We shall next declare the occasion and the cause which moved our poet to this particular work. He lived in those days, when (after Providence had permitted the invention of Printing as a scourge for the sins of the learned) Paper also became so cheap, and Printers so numerous, that a deluge of Authors covered the land: whereby not only the peace of the honest unwriting subject was daily molested, but unmerciful demands were made of his applause, yea of his money, by such as would neither earn the one, nor deserve the other. At the same time, the licence of the press was such, that it grew dangerous to refuse them either: for they would forthwith publish slanders unpunished, the authors being anonymous, and skulking under the wings of Publishers, a set of men who never scrupled to vend either calumny or blasphemy, as long as the Town would call for it.Why was the publication of a satirical mock-epic "the only way that was left" to punish bad authors? On the face of it, the idea seems questionable. The Dunciad provides less of a mirror for poets than a bludgeon for specific people Pope happens to dislike, which is no doubt what gives it its special zing. While entertaining, the description of the court of Dulness is largely an indictment of literary society, not bad poetry as such. What bothers Pope most of all is the market-structure and social arrangement of the literary world, which not only perpetuates poetastery but also serves itself above all else, parasitically expanding to cover the entirety of English culture.
Now our author, living in those times, did conceive it an endeavor well worthy an honest satyrist, to dissuade the dull, and punish the wicked, the only way that was left. In that public-spirited view he laid the plan of this poem, as the greatest service he was capable (without much hurt, or being slain) to render his dear country. First taking things from their original, he considereth the causes creative of such Authors, namely Dulness and Poverty, the one born with them, the other contracted by neglect of their proper talents, through self-conceit of greater abilities. This truth he wrappeth in an Allegory (as the construction of Epic poesy requireth), and feigns that one of these Goddesses had taken up her abode with the other, and that they jointly inspired all such writers and such works. He proceedeth to shew the qualities they bestow on these authors, and the effects they produce; then the materials, or stock, with which they furnish them; and (above all) that self-opinion, which causeth it to seem to themselves vastly greater than it is, and it the prime motive of their setting up in this sad and sorry merchandise. The great power of these Goddesses acting in alliance (whereof as the one is the mother of Industry, so is the other of Plodding) was to be exemplified in some one, great and remarkable action. And none could be more so than that which our poet hath chosen, viz. the restoration of the reign of Chaos and Night, by the ministry of Dulness their daughter, in the removal of her imperial seat from the City to the polite World; as the action of the Aeneid is the restoration of the empire of Troy, by the removal of the race from thence to Latium. But as Homer singing only the wrath of Achilles, yet includes in his poem the whole history of the Trojan War; in like manner our author hath drawn into this single action the whole history of Dulness and her children.- Pope, Dunciad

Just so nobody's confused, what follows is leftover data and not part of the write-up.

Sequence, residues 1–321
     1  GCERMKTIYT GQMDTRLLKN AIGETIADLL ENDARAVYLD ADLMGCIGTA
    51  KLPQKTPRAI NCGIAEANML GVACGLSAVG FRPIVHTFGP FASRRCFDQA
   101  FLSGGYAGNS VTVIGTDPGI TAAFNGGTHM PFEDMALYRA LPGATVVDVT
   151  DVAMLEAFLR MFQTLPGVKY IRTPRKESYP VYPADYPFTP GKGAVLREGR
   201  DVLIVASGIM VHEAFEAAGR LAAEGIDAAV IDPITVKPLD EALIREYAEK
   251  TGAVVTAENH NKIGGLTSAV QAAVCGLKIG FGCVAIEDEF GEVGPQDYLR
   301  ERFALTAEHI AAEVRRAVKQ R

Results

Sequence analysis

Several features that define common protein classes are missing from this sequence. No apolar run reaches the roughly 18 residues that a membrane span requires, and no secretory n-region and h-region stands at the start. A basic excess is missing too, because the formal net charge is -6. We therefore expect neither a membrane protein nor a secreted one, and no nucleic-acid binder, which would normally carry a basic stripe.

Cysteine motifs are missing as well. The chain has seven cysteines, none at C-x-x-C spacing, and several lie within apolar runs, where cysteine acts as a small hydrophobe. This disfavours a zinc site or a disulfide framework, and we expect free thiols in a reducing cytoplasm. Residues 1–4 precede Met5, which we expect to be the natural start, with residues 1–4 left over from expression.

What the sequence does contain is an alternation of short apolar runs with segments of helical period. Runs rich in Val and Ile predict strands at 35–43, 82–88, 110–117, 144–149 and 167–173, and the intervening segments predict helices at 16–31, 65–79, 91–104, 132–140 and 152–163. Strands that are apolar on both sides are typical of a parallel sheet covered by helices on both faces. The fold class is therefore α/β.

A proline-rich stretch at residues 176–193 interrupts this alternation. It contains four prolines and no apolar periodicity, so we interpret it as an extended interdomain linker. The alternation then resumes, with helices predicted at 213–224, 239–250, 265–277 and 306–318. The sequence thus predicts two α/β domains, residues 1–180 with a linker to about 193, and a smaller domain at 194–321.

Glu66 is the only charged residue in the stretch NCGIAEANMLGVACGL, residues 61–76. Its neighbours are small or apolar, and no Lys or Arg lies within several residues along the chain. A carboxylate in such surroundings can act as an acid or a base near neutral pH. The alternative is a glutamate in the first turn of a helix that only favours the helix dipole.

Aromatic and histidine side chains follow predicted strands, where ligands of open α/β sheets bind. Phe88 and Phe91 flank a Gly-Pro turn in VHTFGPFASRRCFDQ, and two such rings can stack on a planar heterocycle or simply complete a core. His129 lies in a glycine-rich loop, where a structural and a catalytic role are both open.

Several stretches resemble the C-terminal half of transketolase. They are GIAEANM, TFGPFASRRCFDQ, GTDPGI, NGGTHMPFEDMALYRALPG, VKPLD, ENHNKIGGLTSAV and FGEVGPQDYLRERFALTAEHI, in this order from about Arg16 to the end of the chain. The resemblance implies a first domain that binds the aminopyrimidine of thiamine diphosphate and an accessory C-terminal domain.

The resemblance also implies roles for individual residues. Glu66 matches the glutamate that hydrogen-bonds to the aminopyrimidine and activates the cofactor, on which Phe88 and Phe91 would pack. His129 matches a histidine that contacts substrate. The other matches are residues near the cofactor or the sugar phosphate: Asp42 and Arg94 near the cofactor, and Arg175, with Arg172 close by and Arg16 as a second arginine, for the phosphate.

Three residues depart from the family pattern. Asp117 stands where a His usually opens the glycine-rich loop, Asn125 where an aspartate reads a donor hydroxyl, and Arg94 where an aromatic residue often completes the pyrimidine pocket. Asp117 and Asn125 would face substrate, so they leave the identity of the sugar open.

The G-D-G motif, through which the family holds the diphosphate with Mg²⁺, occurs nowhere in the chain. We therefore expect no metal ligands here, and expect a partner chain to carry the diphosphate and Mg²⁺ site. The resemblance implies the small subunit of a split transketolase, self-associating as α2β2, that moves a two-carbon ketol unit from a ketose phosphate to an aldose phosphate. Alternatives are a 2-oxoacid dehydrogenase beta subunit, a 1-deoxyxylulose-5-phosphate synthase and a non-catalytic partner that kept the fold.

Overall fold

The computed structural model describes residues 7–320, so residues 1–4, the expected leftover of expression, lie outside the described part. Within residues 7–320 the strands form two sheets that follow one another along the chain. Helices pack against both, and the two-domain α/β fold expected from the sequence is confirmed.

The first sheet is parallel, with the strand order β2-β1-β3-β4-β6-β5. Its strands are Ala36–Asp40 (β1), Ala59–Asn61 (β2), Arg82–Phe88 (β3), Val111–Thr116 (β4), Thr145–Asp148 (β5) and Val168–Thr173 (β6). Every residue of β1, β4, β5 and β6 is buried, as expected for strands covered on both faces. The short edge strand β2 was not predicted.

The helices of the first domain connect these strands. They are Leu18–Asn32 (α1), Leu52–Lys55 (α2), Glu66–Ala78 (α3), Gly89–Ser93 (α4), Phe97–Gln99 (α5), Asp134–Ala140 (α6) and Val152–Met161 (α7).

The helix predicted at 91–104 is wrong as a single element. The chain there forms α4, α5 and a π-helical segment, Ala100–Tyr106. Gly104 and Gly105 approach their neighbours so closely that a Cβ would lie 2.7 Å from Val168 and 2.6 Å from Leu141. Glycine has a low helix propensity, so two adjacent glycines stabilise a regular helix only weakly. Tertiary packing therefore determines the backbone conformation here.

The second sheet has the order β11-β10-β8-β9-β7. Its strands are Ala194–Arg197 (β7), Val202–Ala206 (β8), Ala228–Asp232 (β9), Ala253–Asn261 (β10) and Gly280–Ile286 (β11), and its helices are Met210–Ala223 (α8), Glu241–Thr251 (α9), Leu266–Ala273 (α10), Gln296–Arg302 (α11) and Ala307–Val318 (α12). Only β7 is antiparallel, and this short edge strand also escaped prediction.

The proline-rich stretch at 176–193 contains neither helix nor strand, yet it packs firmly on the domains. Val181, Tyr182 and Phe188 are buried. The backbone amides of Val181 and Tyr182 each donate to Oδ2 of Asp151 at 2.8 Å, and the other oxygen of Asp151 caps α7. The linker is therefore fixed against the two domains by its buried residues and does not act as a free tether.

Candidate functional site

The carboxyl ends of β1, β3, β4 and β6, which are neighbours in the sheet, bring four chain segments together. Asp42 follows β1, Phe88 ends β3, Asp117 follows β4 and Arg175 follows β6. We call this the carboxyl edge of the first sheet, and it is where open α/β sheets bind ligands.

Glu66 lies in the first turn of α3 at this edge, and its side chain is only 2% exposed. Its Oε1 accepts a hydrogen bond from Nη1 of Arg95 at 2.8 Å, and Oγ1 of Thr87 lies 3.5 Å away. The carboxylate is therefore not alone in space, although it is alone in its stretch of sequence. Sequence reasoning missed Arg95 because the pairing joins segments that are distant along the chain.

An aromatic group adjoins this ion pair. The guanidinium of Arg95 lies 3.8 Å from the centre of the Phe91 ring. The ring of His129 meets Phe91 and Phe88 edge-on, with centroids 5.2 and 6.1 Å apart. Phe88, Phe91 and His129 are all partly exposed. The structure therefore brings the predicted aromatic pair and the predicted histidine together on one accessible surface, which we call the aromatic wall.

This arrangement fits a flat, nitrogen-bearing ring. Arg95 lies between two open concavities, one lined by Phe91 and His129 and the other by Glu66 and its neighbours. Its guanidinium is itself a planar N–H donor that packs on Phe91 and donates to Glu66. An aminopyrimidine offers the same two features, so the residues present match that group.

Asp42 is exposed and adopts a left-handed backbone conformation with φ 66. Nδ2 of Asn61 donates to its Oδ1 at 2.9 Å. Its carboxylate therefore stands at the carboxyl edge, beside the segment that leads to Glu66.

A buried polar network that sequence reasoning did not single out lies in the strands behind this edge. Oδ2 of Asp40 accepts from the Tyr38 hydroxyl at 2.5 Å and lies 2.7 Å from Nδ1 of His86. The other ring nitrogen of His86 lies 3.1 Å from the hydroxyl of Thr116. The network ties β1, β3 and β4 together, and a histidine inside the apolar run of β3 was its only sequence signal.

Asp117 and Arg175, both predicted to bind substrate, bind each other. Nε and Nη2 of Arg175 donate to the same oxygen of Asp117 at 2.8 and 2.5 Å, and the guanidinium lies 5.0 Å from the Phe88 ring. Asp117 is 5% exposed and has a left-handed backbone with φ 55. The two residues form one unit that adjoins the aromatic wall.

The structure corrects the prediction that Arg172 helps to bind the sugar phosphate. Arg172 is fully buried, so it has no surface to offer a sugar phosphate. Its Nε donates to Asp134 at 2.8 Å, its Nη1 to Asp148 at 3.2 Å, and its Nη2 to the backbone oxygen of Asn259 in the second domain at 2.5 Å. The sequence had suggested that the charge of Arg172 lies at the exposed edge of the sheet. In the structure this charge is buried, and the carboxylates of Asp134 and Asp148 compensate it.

By the end of Book III, it is clear that the corrupt world of Dulness and the literary world itself are completely coextensive--Pope and Swift are consigned to obscurity, apparently because bad poems drive out good. In fact, the printing-and-publishing apparatus is more implicated in this corruption than anything else. (This radically opposes traditional eighteenth-century representations of the relationship between print and corruption--here, print can no longer effectively exercise its power of surveillance.) There's no space outside the system from which an attack on Dulness can be launched directly; this means that not even decent poetry can counteract it.
Enter satire. For Pope, satire functions as a kind of immanent critique: since he takes pains to make only glancing reference to the actual values he defends, the focus is entirely on the internal rottenness of Dulness's works. Satire is "the only way that was left" because the other alternatives--gentle advice and pressure from outside the literary world--had become impossible. It is the only thing that can effectively avoid the problem of using a medium to critique itself. Satire's bite, after all, comes not from its intent, but from its maximally "realistic" depiction of the corrupt world--the more impartial the satirist, the more effective the satire. (This should probably be distinguished from parody, which relies on wilful distortion; although formally the Dunciad is parodic, it is nonetheless a satire at heart.)
But Pope is not bullish about satire's practical prospects. As depicted in the poem, Dulness's reign marches triumphantly onward until its climactic yawn--and the poet more or less renounces his own agency:
But sober History restrain'd her rage,The purpose of Satire here is to give succor to the dying muse of comedy, but it is History that is expected to overthrow Dulness in the end. The satirist's principal accomplishment, it seems, is keeping the spirit of good criticism alive until everything finally disappears in the vortex of Dulness.
And promised vengeance on a barbarous age.
There sunk Thalia, nerveless, cold, and dead,
Had not her sister Satire held her head...
The Dunciad, then, if we take it in utmost seriousness, is a tactics of survival rather than one of thorough critique or reform. Once the literary world has reached Dunciadic levels of corruption, it can no longer be stopped--only held at arm's length by the satirist. For the poet with integrity, writing any other kind of poem appears inadvisable.